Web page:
2nd Generation Specific 1986-1992 Discussion

Light Weight Flywheel Questiom

Old 02-08-2006, 09:49 PM
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I am looking to get a light weight flywheel for my N/A fc3s, and I was wondering if this would make a big difference in released hp from the reduction in rotating mass. I am looking to get the steel one, not the alminum one. I was alsohoping hat this would hlp cut some time off of my 1/4 mi. time too. Any input is appreciated. Thank you.
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Old 02-08-2006, 10:17 PM
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any reduction in drivetrain losses will help your quarter mile times. As far as it being a big difference... The car will feel more responsive to throttle input, and will accelerate slightly more quickly, but you're not got to cut a second off of your quarter mile with a flywheel. You will notice it, tho.
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Old 02-08-2006, 10:18 PM
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Oh yea, I know that it wont take off a second. But I am hoping that it will take off a tenth, or two.
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Old 02-10-2006, 08:15 AM
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Originally Posted by cps87rx7se' post='800394' date='Feb 8 2006, 08:18 PM

Oh yea, I know that it wont take off a second. But I am hoping that it will take off a tenth, or two.


10Lbs off the weight of the flywheel equates to approx. 200lbs taken out of the car, just to give you an idea.
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Old 02-10-2006, 03:25 PM
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I've driven several cars with light flywheels. The noticeable difference is in 1st and 2nd gears. The car will be much quicker in the lower gears. In third the difference isn't nearly as noticeable and by 4th and 5th there isn't much to be had. The downside, when specifically talking about 1/4 mile times, is that the light flywheel will be hardner to launch consistently and will require quite a bit more RPM if you're side stepping the clutch. Without really zinging the engine your 60', and as a result ET, may suffer. Light flywheels are more suited toward something like roadracing or autocross where there are no standing starts and the light effects are felt in both acceleration and braking.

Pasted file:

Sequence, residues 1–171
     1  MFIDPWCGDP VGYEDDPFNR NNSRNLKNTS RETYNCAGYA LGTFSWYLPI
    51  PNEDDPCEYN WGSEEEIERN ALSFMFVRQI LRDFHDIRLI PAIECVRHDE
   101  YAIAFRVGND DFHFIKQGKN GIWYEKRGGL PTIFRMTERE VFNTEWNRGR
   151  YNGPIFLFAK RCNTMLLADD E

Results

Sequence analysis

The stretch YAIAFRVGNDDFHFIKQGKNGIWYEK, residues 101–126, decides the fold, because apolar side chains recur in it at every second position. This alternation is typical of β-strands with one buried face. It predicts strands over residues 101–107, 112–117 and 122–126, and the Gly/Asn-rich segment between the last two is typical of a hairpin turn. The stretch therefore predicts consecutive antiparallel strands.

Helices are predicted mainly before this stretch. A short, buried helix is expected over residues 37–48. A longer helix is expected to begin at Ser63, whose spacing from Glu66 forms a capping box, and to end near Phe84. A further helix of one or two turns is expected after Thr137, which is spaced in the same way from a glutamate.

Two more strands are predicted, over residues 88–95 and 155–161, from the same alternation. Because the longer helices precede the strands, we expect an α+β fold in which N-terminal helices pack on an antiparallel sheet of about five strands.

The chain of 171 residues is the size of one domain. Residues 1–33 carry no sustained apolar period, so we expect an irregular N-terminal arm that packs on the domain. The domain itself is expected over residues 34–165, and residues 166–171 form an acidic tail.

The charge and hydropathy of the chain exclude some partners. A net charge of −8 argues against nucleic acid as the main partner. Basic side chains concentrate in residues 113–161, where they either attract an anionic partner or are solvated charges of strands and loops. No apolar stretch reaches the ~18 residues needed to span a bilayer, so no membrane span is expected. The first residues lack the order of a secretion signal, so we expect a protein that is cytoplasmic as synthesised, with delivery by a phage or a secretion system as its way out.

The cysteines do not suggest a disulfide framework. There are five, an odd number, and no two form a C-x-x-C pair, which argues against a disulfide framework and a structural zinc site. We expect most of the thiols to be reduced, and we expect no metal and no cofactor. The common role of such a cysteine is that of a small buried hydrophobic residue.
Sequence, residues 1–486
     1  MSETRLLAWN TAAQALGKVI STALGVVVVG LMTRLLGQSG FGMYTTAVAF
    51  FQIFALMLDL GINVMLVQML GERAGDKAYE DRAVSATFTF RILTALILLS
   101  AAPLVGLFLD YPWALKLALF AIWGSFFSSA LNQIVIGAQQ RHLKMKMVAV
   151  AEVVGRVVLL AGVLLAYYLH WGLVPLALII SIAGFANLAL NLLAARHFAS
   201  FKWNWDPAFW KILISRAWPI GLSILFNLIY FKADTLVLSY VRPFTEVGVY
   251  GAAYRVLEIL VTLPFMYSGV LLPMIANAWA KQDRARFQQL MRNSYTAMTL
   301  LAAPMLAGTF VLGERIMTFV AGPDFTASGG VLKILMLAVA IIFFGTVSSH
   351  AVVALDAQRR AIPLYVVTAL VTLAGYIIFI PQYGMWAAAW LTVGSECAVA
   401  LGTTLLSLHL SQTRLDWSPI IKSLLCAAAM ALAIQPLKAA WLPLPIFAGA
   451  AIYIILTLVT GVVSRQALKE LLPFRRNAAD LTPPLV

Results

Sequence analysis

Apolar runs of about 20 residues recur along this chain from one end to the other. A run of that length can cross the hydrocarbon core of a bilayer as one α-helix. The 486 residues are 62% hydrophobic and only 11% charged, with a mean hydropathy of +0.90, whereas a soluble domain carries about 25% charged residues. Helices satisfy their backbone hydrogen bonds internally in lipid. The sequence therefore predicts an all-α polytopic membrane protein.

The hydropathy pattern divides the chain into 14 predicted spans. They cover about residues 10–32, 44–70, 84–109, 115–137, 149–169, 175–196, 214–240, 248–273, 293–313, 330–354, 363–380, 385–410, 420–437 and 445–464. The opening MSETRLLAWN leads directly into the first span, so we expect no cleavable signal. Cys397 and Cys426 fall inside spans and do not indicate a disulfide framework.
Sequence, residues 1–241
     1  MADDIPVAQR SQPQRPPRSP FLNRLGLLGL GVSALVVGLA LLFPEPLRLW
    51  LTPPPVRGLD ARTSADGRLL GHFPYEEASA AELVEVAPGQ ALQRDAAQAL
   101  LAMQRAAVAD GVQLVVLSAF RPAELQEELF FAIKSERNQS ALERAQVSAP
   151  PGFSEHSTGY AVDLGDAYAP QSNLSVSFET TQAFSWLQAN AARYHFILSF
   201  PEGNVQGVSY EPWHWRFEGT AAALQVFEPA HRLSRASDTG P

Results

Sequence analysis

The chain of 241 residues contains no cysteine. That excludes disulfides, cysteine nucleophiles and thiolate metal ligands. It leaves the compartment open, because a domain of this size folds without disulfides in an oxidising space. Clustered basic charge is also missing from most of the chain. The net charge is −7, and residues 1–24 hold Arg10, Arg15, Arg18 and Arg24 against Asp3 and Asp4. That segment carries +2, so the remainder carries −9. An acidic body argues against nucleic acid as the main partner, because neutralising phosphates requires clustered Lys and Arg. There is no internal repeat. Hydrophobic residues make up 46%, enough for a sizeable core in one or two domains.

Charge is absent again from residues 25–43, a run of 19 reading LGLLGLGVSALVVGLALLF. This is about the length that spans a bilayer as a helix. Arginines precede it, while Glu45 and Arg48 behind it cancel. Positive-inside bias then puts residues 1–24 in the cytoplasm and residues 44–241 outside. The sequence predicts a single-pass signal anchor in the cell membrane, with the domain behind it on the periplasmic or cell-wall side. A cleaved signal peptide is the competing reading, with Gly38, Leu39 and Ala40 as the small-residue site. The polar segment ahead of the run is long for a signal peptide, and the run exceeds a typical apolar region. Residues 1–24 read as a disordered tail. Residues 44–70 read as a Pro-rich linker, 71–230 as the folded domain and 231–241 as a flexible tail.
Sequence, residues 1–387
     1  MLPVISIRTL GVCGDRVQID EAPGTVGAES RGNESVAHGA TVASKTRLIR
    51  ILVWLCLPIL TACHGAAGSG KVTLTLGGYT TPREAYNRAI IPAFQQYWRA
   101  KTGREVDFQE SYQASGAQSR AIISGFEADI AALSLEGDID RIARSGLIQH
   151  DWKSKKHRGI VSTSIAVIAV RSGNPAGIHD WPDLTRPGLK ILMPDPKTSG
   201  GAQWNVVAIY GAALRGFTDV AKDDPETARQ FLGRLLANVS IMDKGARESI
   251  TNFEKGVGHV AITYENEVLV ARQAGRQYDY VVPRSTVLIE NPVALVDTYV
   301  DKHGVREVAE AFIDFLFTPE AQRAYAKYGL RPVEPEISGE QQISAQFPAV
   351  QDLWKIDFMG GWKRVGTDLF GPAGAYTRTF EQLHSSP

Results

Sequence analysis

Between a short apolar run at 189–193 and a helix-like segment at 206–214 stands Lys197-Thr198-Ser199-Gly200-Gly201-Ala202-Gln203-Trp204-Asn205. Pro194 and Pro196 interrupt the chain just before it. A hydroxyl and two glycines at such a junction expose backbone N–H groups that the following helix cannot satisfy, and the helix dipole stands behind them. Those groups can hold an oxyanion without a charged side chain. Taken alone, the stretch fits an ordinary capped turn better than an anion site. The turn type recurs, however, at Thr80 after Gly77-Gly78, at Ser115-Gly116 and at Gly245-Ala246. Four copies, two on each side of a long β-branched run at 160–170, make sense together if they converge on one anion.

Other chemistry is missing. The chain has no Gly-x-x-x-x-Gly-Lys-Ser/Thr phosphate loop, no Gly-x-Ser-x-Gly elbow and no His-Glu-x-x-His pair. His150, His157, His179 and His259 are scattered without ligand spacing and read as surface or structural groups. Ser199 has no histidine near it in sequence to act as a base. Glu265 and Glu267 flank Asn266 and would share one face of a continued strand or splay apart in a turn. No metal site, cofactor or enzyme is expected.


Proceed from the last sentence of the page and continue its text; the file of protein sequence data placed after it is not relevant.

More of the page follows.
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Old 02-11-2006, 10:53 AM
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If anything I bet you will lose time in 1/4 than if you ran the oem flywheel.In dragracing you want to keep the rpms high at all shift points,guess what happens with a light flywheel,very fast loss of rpms.

They are for road racing and not dragracing.Go catch a promod,or prostock team changing the tranny and motor out.The worst thing you can do if you want to dragrace is use a light flywheel.
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Old 02-14-2006, 10:20 AM
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Lighter rotational mass yeilds quicker acceleration, thus the noticeable SOYP differences in the lower gears. This is b/c the work required to accelerate any rotational mass goes up exponentially with RPMs. Drag racing, road racing, harness racing - doesn't matter what we do, we cannot escape the laws of physics.



What happens in drag racing is that a heavier flywheel will have more enertia (back to Physics 101) than a lighter flywheel. That stored energy is exerted during 'the launch'. This is why some people write off lightweight flywheels...it 'hurts their launch'. However, the initial start isn't everything. While you may have a better launch, given the same driving syle, w/a heavier flywheel - the engine still has to accelerate the flywheel, driveline, wheels, etc for the rest of the track. Spinning those requires work b/c they have mass - the lower the mass, the less work required to accelerate those. Still w/me?



Acceleration is everything, well for this discussion at least, and a lighter flywheel will yeild greater acceleration. Physics 101.



IMO, a light flywheel is a great modification. If you are worried about your launch and shifts - well, become a better driver. The car will feel quite different. Get some seat time and everything will come together.



-Carlo
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Old 02-14-2006, 03:14 PM
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Thanks Carlo. I appreciate you laying everything out for me like that. I just finished my second semester of Physics, and all the things you said were what I though too. I know that is thet way things are supposed to work, but I did not know if that was the way it helped out with the cars. But, if I can adjust to the flywheel, hopefully it will help out some. Thanks again.
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Old 02-17-2006, 05:58 PM
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general rule of thumb is if you launch and you have execissive tire spin ie it is easy to do a burn out. lighten the flywheel same if you come out of a corner and the engine has a significante problem raising RPM



If you dump the clutch and the engine bogs, you went to light with the flywheel and there is no stored enertia. or yet again you come out of the corner and the engine fails to build rpm.
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